91,631 results

  • Synthesis of Neoglycopeptides via Click Chemistry

    Miller, N; Williams, Geoffrey; Brimble, Margaret (2010)

    Journal article
    The University of Auckland Library

    Novel chemical methods to access homogeneous samples of glycopeptides and glycoproteins and their mimetics, so-called neoglycopeptides and neoglycoproteins, have developed rapidly in recent years owing to an increased need to investigate both their roles in molecular biology and their potential as therapeutic agents. This article summarizes the application of the copper-catalyzed azide-alkyne cycloaddition for the chemical synthesis of neoglycopeptides and neoglycoproteins.

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  • Allylic functionalization of the 1,7-dioxaspiro[5.5]-undec-4-ene and 1,6,8-trioxadispiro[4.1.5.3]-pentadec-13-ene ring systems

    Brimble, Margaret; Edmonds, MK; Williams, GM (1992)

    Journal article
    The University of Auckland Library

    Allylic bromination of the bicyclic spiroacetals 5, 6 and 7 gave predominantly the axial bromides 15, 21 and 23 which underwent SN2 displacement to the equatorial alcohols 17, 22 and 25 respectively, using potassium superoxide and 18-crown-6 in THF/DMSO (10:1). Allylic bromination of the cis-bis-spiroacetal 26 gave predominantly the rearranged allylic bromide 29 which afforded alcohols 30 and 31 resulting from both SN2??? and SN2 displacement upon treatment with potassium superoxide. Bromination of the trans-bis-spiroacetal 27 afforded a complex mixture from which only the non-rearranged bromide 34 could be isolated. This bromide 34 afforded the axial alcohol 37 upon treatment with potassium superoxide.

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  • A model for ex vivo spinal cord segment culture - a tool for analysis of injury repair strategies

    Zhang, Jie; OCarroll, Simon; Wu, A; Nicholson, Louise; Green, Colin (2010)

    Journal article
    The University of Auckland Library

    Most spinal cord injury research is undertaken using in vivo animal models but the extensive care associated with spinalised animals, inherent variability between animals, and complex surgeries makes alternative models especially valuable. Here we present a novel ex vivo model that enables culture of intact post-natal spinal cord segments for up to five days and the assessment of peripheral nerve grafting repair, enhanced with connexin43 antisense oligodeoxynucleotides (Cx43 AsODN), in this model. Down-regulating Cx43 expression with Cx43 AsODN in cultured spinal cord segments prevents cell death and inhibits inflammation spreading from the site of injury to neighbouring tissue, hence maintaining culture viability. Reduction in segment swelling and improvement in neuron survival were evident after Cx43 AsODN treatment. Furthermore, the combination of Cx43 AsODN with peripheral nerve graft implants into cultured spinal cords promoted axon sprouting from the spinal cord into the peripheral nerve graft. This ex vivo spinal cord segment culture model provides a valuable addition to tools currently available for spinal cord injury research.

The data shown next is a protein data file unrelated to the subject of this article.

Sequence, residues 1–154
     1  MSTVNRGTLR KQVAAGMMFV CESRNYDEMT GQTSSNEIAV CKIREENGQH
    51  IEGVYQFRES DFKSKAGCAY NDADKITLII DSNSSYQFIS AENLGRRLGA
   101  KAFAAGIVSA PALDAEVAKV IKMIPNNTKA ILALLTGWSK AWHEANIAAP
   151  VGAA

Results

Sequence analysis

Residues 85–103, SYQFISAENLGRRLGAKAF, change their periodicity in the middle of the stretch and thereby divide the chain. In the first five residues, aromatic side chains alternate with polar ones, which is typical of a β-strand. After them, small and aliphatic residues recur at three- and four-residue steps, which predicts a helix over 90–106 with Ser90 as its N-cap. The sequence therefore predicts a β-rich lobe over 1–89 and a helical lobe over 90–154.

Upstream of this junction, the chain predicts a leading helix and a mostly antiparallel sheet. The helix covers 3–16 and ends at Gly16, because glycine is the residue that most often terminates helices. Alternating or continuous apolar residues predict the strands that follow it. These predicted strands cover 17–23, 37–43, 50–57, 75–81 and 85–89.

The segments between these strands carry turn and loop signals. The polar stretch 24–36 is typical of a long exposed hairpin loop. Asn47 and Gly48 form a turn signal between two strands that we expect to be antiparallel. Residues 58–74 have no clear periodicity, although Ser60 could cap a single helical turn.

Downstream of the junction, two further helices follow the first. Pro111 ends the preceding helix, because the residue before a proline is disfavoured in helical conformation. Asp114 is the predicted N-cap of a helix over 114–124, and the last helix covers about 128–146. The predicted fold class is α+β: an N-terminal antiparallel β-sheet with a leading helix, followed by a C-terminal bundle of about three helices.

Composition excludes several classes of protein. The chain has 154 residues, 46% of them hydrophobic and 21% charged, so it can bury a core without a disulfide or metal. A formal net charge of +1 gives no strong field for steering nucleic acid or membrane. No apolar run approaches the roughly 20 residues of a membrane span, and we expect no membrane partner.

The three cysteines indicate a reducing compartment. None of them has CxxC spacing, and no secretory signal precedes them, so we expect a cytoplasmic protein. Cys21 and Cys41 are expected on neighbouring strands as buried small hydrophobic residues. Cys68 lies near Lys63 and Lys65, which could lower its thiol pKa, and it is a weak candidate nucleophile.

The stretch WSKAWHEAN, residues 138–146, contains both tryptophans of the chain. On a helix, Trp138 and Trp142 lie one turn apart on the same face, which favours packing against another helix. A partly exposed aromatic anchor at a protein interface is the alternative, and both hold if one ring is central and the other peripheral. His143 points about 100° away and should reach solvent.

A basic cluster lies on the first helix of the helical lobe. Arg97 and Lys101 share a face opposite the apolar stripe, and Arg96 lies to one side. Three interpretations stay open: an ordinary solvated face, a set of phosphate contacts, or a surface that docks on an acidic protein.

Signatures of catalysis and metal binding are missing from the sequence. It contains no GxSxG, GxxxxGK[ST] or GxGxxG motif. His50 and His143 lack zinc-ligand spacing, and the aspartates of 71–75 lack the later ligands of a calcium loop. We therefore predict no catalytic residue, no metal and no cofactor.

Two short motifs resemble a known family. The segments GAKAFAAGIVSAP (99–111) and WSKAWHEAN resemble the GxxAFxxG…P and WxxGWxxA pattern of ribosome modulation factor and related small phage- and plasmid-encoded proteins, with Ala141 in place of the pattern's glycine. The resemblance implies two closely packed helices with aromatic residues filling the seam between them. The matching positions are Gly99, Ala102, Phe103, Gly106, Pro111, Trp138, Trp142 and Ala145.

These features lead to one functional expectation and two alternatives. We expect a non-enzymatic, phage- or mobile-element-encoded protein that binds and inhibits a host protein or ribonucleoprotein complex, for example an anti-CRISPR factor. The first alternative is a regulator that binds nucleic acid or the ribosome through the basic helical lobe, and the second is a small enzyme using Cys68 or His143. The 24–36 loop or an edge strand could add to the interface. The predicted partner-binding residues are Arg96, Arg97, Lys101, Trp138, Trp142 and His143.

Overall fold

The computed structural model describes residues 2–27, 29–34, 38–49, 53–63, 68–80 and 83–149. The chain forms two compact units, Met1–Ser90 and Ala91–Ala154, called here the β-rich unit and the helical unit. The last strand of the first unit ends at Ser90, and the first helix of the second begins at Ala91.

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  • Synthesis and anti-inflammatory structure-activity relationships of thiazine-quinoline-quinones: inhibitors of the neutrophil respiratory burst in a model of acute gouty arthritis.

    Chia, EW; Pearce, Allison; Berridge, MV; Larsen, L; Perry, NB; Sansom, CE; Godfrey, CA; Hanton, LR; Lu, Guo-Liang; Walton, M; Denny, William; Webb, VL; Copp, Brent; Harper, Jacquie (2008)

    Journal article
    The University of Auckland Library

    Sixteen new thiazine???quinoline???quinones have been synthesised, plus one bicyclic analogue. These compounds inhibited neutrophil superoxide production in vitro with IC50s as low 60 nM. Compounds with high in vitro anti-inflammatory activity were also tested in a mouse model of acute inflammation. The most active compounds inhibited both neutrophil infiltration and superoxide production at doses 2.5 ??mol/kg, highlighting their potential for development as novel NSAIDs.

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  • Evaluation of 2D and 3D glove input applied to medical image analysis

    Zudilova-Seinstra, EV; de Koning, PJH; Suinesiaputra, Avan; van Schooten, BW; van der Geest, RJ; Reiber, JHC; Sloot, PMA (2010-06)

    Journal article
    The University of Auckland Library

    We describe a series of experiments that compared 2D/3D input methods for selection and positioning tasks related to medical image analysis. For our study, we chose a switchable P5 Glove Controller, which can be used to provide both 2DOF and 6DOF input control. Our results suggest that for both tasks the overall performance and accuracy can be improved when the input device with more degrees of freedom (DOF) is used for manipulation of the visualized medical data. 3D input turned out to be more beneficial for the positioning task than for the selection task. In order to determine a potential source of the difference in the task completion time between 2D and 3D input, we also investigated whether there was a significant difference between 2DOF and 6DOF input methods with regard to the time spent on task-specific basic manipulations.

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  • An overview of CellML 1.1, a biological model description language

    Cuellar, AA; Lloyd, CM; Nielsen, Poul; Bullivant, DP; Nickerson, David; Hunter, Peter (2003)

    Journal article
    The University of Auckland Library